Former India cricketer Aakash Chopra took a dig at the Australian cricket team and the Aussie media for making a villain out of Virat Kohli.
Kohli was involved in a heated war of words with Australian captain Tim Paine during the Perth Test – the exchange culminated with Paine asking Murali Vijay how he could like his captain as a bloke.
There was widespread criticism of Kohli’s behaviour. Former Australian pace ace Mitchell Johnson said Kohli was disrespectful and added his antics in Perth made him look silly.
But Chopra, who had toured Australia in 2003-04 and recalled a moment he was sledged even when he was not playing a Test, said the Australians needed to look inward and figure out how they behaved in the past.
“The Australian media is rallying behind their cricket team and, in fact, making India and Virat Kohli as the villains of world cricket. I am very, very surprised. It’s the classic case of pot calling the kettle black. Perhaps, it’s time for them to look inwards and just ask themselves the question, regards to how they have behaved in the past,” Chopra told India Today.
Chopra said he found nothing offensive in Kohli’s behaviour and insisted India did not cross any line.
“Personally, I have been watching Virat Kohli and the team’s behaviour very closely. I have found nothing that is offensive, nothing that is crossing the line.
“Yes, he is getting under the skin of the Australian team but that’s how we expected it to be. I think they [Australian media] are overreacting and making a mountain of a molehill. During my time, I was sledged even when I wasn’t playing,” Chopra said. An Australian cricketer, who is a friend now, sledged me once when I walked in as a substitute fielder. Well, Australians… They shouldn’t be saying anything about it.”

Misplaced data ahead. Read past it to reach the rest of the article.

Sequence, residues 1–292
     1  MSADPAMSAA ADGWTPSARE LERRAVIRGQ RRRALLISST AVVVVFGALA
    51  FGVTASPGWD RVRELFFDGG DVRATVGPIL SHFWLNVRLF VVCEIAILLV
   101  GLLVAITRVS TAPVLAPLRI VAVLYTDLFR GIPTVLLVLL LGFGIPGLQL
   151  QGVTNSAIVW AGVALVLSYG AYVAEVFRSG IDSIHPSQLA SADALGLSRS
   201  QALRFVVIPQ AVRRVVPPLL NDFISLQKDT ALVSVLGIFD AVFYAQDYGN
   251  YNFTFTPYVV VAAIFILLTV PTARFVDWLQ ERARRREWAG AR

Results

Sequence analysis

Earlier, speaking on India Today, Sunil Gavaskar had said India had started the sledging war and they had to be now prepared to cop some of it from the Australians.
“We have not been saints either. Way back in 2014, when Australia were down with the tragic death of Phillip Hughes, we started it. They were too shocked in the first Test and we started it. In a situation like this, we will always lose. Australia are used to playing like that, we are not. It’s not in our DNA to play cricket like that. You also have to take into account if everyone in the team can take it. Even over here, we have started it,” Gavaskar said.